Reducing the waste output of your home has never been more important. Start your “green” journey by becoming a more environmentally friendly household beginning with composting your organic refuse. Veggie offcuts, fruit pips and most kitchen and garden waste are biodegradable and forms a natural fertiliser when mixed together and broken down.
Start your composting journey
Start with a simple container (or even a Bokashi composting bin), to collect the offcuts and unused organic matter in your kitchen. An ice cream tub or the likes will do perfectly. Once your container is full, empty it into your larger bin outside or begin a compost stack in a corner of your property.
If using a container, place a layer of sticks at the bottom of the container to help with ventilation followed by a 10cm layer of your organic waste, repeat this layering process a few times and then add an activator such as manure or bone meal.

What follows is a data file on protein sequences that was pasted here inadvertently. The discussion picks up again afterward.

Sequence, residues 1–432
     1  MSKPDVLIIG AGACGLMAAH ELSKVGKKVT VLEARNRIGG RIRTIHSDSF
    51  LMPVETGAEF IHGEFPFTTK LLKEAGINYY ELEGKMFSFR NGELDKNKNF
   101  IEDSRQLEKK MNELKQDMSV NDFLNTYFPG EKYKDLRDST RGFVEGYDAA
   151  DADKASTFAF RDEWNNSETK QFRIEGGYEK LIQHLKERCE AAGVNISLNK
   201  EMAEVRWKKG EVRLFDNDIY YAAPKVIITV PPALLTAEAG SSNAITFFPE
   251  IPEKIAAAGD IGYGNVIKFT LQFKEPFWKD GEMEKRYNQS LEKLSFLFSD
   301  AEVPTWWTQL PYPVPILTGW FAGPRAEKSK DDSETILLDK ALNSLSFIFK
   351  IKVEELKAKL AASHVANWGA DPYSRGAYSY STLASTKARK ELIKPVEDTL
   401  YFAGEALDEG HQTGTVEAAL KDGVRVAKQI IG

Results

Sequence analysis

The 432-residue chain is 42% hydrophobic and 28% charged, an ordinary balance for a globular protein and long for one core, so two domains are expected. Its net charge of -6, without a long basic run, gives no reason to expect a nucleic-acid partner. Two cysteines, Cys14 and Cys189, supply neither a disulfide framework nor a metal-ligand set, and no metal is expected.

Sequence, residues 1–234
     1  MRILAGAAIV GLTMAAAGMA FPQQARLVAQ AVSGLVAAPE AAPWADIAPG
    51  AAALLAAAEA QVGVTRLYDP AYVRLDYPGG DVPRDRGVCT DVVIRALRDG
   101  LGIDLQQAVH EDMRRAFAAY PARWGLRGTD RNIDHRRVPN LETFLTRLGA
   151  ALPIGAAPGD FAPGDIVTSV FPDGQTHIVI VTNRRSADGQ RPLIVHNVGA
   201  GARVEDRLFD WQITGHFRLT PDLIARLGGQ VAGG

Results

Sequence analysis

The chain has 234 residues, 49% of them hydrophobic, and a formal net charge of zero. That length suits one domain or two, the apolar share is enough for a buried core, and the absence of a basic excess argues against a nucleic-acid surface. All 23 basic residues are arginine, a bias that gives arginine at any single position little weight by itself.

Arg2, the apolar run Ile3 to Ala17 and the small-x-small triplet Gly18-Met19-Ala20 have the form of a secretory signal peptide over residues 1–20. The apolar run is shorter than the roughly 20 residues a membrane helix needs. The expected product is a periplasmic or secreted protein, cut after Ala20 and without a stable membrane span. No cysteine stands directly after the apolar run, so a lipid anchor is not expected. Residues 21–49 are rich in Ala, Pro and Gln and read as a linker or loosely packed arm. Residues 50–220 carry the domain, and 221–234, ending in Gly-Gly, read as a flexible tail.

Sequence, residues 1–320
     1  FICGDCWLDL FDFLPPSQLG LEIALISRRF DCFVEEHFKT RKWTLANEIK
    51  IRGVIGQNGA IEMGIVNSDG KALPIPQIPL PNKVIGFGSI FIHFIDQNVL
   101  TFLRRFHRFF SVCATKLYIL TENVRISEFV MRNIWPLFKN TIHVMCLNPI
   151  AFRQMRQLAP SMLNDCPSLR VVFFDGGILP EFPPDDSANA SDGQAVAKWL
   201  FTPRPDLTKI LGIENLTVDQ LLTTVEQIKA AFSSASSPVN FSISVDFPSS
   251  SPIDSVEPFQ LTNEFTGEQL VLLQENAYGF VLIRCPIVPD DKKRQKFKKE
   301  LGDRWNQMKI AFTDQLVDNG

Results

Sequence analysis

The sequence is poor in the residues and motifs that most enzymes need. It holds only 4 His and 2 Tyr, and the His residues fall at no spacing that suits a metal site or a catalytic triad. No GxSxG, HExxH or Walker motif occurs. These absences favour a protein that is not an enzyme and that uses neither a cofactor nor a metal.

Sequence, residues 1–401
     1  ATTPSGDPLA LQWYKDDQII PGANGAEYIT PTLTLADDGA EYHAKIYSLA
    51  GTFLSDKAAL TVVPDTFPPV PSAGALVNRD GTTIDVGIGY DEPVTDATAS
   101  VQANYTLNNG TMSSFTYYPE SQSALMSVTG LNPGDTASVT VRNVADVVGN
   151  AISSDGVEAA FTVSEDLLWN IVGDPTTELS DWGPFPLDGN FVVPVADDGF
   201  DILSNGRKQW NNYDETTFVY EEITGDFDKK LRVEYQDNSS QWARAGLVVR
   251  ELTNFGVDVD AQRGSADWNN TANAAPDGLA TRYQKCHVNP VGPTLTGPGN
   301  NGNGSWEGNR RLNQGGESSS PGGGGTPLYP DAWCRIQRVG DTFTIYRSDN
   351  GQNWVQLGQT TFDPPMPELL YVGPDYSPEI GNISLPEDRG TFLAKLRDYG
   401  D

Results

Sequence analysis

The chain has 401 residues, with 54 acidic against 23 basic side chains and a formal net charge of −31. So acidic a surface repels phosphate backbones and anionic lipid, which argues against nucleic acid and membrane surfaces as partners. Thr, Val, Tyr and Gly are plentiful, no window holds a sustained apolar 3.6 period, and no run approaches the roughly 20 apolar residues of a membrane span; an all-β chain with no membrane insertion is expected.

Alternatively, you can use the same method when making a compost pit on the ground instead of in a container.
Remember to turn this mixture regularly every 4-5 weeks.
Keep your compost ‘healthy’
Water and air are vital for making compost; to create the perfect nutrient-filled mulch it needs to be moist and ventilated.
To keep it damp, water the top layer briefly and then push the hose pipe into the centre of the heap, don’t overdo it, you don’t want it to become water logged, do this every 4-5 weeks when you turn your compost pile.
What you can and can’t add to the compost
The quality of your compost depends on the type of things you add to it – the more organic the better!
- Fruit peels
- Vegetable trimmings
- Garden leaves
- Grass clippings
- Tea bags
- Coffee grounds
- Egg shells
- Shredded newspaper
- Vacuum dust
These materials can all break down and don’t contain harmful materials.
- Dairy products
- Steak fat
- Kitty litter
These will only attract flies and other pests. Also don’t add plant waste if it is insect-infested or diseased as this will contaminate the entire compost batch. Also don’t add any chemicals or plants that have been sprayed with chemicals.